31/01/19 Double Standards When Talking About Immigrants

In this week’s Weekly English Practice, ECP coach Rob talks about immigration in Vitoria and Alava and asks why people call him and his ECP colleagues ‘foreigners’ when they use the word ‘immigrants’ for people from non-European countries.


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Immigrants in Alava

There are thousands of foreign workers in Alava but ECP coaches are rarely, if ever, called immigrants. Why not?

Before you read the article, look at this vocabulary from the text:

to be on the dole (UK): to receive money from the state when you are unemployed

benefit: a payment by the state to help a person in need (unemployment, housing etc)

welfare: a state system that protects the health and well-being of its citizens

to hire: to employ a person (or rent an object)

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I emigrated to the Basque Country nearly 25 years ago and was made very welcome from day one, but when I refer to myself as an immigrant people disagree. “But you’re not an immigrant Rob. Not like them anyway.” “Them” refers to immigrants from non-European countries, generally of darker skin and different religions. “Your case is different,” people always say. And they are right, our cases are very different.

I didn’t leave my country of origin because of poverty or war. I wasn’t being persecuted or marginalised. In fact, I had a well-paid job with good career prospects. I left Britain because I was bored and wanted a change of airs. 

As a child I received excellent and free education and health care. I then emigrated and have never paid anything back into the system that had invested so much tax-payers’ money into me and my future. Even so, no-one has accused me of being unpatriotic. 

And in my first five years as a white, Northern-European immigrant in the Basque Country, I spent two summers on the dole, taking advantage of Spain’s unemployment benefit system to take long summer breaks.

Nobody here ever accused me of being lazy or of abusing the welfare system. In fact, I did what I did because I was encouraged to do so by my employers and by local civil servants. I was told that I had earned the right to claim that money.

That was in the 1990s, before immigration into Euskadi from around the world began in earnest. But there had been plenty of immigration from other regions of Spain before then. When work started on the dams and reservoirs of the Zadorra river system in the 1950s, workers were hired to come to Alava from all over Spain as there wasn’t enough manpower locally. Most came from Andalusia and Extremadura, and with them came their families. By the 1960s these people made up 19% of the population of an increasingly industrial Vitoria.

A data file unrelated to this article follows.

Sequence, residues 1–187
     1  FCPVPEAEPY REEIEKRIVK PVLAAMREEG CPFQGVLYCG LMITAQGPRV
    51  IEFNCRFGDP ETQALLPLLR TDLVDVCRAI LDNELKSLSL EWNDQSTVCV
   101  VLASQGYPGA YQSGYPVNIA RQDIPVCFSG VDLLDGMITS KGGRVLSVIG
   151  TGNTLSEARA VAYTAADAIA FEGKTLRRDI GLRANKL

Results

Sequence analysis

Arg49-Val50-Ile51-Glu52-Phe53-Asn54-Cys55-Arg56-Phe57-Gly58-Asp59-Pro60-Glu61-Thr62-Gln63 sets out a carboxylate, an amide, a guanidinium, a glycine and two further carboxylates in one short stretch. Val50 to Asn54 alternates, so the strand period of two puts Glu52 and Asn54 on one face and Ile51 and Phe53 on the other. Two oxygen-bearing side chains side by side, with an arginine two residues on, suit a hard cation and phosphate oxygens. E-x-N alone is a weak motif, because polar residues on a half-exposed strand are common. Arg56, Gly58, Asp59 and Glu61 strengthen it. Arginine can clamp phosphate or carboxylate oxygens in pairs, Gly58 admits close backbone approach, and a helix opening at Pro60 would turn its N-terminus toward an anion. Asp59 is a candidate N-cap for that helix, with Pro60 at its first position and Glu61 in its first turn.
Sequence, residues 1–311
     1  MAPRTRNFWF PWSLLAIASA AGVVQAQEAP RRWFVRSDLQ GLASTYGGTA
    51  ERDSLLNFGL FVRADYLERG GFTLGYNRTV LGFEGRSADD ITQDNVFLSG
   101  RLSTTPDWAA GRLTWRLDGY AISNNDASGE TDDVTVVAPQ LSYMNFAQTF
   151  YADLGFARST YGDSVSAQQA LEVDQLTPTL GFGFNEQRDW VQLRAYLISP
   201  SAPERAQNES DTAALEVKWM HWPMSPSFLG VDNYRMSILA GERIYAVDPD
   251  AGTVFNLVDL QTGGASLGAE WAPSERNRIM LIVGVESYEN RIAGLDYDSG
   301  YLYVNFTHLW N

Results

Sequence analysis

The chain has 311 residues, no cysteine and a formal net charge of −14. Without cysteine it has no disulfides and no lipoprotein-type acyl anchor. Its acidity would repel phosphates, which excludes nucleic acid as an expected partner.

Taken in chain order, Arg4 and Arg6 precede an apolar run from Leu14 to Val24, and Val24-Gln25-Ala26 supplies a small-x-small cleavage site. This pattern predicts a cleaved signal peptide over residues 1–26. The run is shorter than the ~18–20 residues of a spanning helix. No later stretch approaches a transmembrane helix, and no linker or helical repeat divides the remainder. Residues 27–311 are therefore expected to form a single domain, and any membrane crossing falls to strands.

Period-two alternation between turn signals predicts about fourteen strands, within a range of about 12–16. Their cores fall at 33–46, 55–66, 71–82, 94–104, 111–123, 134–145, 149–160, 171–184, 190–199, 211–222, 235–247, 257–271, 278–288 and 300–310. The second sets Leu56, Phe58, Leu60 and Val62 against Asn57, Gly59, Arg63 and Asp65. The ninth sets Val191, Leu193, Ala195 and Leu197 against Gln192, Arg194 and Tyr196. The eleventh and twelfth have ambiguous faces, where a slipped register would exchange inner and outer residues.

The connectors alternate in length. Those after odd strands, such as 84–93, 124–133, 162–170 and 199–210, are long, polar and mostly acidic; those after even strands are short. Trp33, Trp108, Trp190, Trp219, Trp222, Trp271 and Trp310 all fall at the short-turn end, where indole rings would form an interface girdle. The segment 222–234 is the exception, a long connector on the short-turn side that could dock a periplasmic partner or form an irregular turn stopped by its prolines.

Certain opinions began to be voiced, including by the Mayor, about immigrants needing to “respect the traditions of the city” and having to “adapt to our customs”. A minority of Vitorianos even began to use the derogatory term “Coreanos” to refer to this “invasion”.

Over time, these initial concerns disappeared as people of different origins lived and worked together and built the modern city of Vitoria. This new, hybrid society now has the same challenge: accepting immigrants who have come from far and wide to work in the factories and fields of Alava (and in some cases to rebuild lives destroyed by conflict and poverty).

In the last few years, I’ve been told that these 21st-century immigrants “only come because of our generous welfare system”, that they “make no effort to integrate”, and that “our traditions and customs are in danger”.

Thankfully, plenty of other people, including factory owners and Human Resources managers, have pointed out that “the local economy would collapse without them”, that “local people don’t want to do the work that they do”,  and that “they and their children will pay our pensions”. 

(I sometimes wonder which of those previous statements apply to the 300,000+ British and Irish people/immigrants resident in Spain, of which a third are retired and don’t work in the local economy. And all those professional sports stars from abroad?)

It has been proven time and again that, despite the initial hostility, immigrants don’t destroy economies or societies. They build them, contribute financially to them, and their children and grandchildren are the future of them. This grateful immigrant is sure Vitoria will rise to the challenge again and is convinced it will be a better place for it.

Written by ECP coach Rob Hextall More information about the 1950s: El Correo 

Let’s chat about that!

Write your opinions in an email and send it to your ECP coach!

  • Is anyone in your family originally from a different region or country?
  • Has anybody you know emigrated? Talk about their experiences.
  • What kind of jobs do immigrants do where you work?
  • How do you think immigrant families combine different languages?
  • What difficulties can immigrants have? Chat with your ECP coach about it.


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